It’s the taking part that counts

the Bridge players where someone has gone wrong
Of sense bereft

“We’ve enjoyed ourselves very much here, though yesterday we felt a bit stuffed with Bridge (there are lessons in the a.m. and playing sessions both afternoon and evening). We did all three, with disastrous effects on our evening score so we took a day off… Actually we relented in the afternoon and played half a session to fill in for a pair who were playing till the first call for their plane came. We weren’t very satisfactory substitutes as on the very last hand I made a bad miscalculation over the number of Aces and Kings partner had and put her into a slam call which went down 800 points and cost them a place in the event I fear.”

And from the partner:

“We spent the most difficult Trivial Pursuit afternoon – I think I knew one answer and felt more and more inadequate – and more so when we played Bridge… Wish we’d done what we originally intended and just played Bridge in the evening – we played as badly as usual; it was sad we came 5th the first night and gradually went lower and lower – we’re so much better when we’re canny and don’t get carried away!  I think we’ll have to take up tiddlywinks.

Letter ends with a seasonal comment:

“I thought the Queen could have been more positive, and said the East were being more friendly – rather than ‘less unfriendly’! Princess Anne looked amazingly Edwardian – which didn’t go with her swashbuckling walk. How I’d hate to be Royalty.”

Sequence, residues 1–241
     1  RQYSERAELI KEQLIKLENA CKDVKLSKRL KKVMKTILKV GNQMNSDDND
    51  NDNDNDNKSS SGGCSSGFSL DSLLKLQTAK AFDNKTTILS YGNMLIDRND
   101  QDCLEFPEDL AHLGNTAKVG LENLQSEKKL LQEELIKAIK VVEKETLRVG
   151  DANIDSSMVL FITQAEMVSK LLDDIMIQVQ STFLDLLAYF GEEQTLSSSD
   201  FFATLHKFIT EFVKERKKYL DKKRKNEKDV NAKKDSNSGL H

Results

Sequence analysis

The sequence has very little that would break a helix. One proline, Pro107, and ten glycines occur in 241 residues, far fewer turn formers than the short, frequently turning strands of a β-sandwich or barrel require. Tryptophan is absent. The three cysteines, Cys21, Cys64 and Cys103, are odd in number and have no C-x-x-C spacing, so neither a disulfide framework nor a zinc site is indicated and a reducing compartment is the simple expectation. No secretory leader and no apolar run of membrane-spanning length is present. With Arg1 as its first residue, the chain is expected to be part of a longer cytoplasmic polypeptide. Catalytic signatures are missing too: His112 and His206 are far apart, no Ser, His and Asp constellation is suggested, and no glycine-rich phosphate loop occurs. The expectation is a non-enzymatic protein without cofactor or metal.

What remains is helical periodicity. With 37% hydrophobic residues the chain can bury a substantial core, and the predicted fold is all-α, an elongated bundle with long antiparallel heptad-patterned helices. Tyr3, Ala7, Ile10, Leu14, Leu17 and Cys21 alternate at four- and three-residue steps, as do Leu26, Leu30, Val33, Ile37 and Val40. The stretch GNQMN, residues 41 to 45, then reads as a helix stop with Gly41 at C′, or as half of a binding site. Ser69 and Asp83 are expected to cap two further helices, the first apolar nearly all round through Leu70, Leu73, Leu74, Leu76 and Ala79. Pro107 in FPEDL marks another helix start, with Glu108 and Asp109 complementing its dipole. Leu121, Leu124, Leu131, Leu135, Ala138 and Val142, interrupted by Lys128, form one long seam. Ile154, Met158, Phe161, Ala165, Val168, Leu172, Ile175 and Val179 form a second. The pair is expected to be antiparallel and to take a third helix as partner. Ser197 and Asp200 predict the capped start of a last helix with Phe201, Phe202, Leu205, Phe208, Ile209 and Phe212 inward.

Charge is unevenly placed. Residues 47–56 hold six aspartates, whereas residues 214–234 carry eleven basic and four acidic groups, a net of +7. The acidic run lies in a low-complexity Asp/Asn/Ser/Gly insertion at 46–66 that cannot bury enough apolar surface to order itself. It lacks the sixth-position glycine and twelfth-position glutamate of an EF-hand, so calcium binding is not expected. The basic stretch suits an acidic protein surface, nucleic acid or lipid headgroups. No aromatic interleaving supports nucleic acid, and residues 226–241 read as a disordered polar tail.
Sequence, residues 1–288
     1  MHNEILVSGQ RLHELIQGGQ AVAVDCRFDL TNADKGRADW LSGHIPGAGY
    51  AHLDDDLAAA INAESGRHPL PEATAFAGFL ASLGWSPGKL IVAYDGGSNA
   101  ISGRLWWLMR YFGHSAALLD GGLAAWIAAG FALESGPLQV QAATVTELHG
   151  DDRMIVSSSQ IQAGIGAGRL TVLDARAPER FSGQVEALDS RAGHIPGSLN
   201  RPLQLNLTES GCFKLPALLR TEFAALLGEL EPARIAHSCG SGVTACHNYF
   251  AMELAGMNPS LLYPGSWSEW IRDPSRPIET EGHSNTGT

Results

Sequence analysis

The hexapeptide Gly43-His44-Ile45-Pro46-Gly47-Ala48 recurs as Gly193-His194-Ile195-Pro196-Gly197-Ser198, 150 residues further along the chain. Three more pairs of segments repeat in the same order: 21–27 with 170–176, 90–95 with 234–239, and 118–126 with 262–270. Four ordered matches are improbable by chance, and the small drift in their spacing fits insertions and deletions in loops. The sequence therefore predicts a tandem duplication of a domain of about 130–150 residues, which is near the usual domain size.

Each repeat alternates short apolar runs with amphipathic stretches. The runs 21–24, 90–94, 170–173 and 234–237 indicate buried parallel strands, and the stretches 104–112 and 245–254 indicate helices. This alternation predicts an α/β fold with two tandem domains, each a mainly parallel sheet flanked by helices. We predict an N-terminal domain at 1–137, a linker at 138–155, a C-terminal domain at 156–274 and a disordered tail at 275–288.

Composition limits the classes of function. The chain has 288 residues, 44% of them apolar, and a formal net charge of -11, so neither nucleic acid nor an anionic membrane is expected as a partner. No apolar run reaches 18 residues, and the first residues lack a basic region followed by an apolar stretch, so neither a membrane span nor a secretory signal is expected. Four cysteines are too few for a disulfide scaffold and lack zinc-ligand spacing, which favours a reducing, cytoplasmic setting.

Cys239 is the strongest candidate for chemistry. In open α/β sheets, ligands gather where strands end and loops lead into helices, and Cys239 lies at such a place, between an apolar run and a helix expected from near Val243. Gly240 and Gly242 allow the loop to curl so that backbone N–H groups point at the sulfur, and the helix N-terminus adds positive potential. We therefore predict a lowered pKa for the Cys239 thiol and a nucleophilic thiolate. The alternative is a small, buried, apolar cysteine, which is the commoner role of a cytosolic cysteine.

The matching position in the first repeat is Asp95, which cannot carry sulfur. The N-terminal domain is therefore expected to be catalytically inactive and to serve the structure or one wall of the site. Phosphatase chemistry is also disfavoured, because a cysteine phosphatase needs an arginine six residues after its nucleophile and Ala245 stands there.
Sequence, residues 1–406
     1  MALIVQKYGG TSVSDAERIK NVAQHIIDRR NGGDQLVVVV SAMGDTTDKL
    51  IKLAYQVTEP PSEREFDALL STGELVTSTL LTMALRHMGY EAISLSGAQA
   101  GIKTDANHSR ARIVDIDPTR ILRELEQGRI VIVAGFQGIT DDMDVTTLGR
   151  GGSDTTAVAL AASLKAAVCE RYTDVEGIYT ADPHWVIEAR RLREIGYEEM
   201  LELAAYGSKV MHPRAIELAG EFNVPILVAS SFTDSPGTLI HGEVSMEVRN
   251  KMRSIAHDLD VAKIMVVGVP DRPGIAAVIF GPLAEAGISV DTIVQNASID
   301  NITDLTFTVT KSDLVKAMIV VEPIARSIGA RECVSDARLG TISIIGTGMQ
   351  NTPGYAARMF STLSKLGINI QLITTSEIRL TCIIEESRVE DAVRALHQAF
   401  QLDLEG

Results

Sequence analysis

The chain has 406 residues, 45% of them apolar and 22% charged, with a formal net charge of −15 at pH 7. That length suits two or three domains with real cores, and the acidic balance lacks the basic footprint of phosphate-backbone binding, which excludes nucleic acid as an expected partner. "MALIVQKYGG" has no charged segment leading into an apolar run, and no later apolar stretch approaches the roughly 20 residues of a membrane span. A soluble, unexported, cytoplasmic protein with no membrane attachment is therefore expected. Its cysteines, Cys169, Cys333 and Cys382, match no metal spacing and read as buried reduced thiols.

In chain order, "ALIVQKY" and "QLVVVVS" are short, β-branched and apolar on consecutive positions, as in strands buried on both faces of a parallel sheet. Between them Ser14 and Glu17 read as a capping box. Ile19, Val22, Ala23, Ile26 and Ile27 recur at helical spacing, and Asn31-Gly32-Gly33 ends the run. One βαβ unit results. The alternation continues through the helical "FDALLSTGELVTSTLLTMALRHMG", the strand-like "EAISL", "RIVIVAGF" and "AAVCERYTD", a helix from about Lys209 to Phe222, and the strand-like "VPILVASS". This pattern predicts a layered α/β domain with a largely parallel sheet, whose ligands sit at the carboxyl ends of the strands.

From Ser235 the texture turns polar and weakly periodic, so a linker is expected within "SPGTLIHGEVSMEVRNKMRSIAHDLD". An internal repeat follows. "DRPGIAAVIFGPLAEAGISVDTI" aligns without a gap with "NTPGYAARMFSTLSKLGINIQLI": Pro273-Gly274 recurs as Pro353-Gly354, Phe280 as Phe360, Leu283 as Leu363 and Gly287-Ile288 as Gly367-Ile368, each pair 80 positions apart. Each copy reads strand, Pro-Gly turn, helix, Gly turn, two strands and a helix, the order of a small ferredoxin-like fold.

…..

Family advice to Bridge beginners:

  • There’s many a man walking the Embankment who forgot to draw out all the trumps
  • If of sense you are bereft, place the cards upon your left
  • One quick look is worth two finesses(!)

 

Shopping expedition

Afloat in Oxford Street illustrates part of a letter using words in an idiomatic way that sounds as if the woman can sail on a wardrobe
Afloat in Oxford Street

“…I am so glad you went to town literally on your wardrobe (not that I thought it needed this consideration and that remark might have been put better!) What I meant was that a day pushing round London and getting yourself one or two necessities before embarking on the journey must have been refreshing despite the crowds, after the dreary end of term affairs with your clients – you must have been thankful to see the back of them for a short week or two. Now I have just reread this paragraph and it sounds as though you sailed up the road sitting on the bloody wardrobe – too much food yesterday maybe and it has dulled the brain…

Quite amusing on Christmas Eve taking the library trolley round to the few patients in over the holiday… There was a ‘Drop in’ for the volunteers for 3 hours – at which I failed to drop as I was busy babysitting… Much to my relief I may say as I find jollities like that very embarrassing and hard work. Had the usual huge collection of cards from people I see every week and never dream of sending one to – I try to train them not to bother but it doesn’t work! Such a silly waste of effort and money but very kind of them…”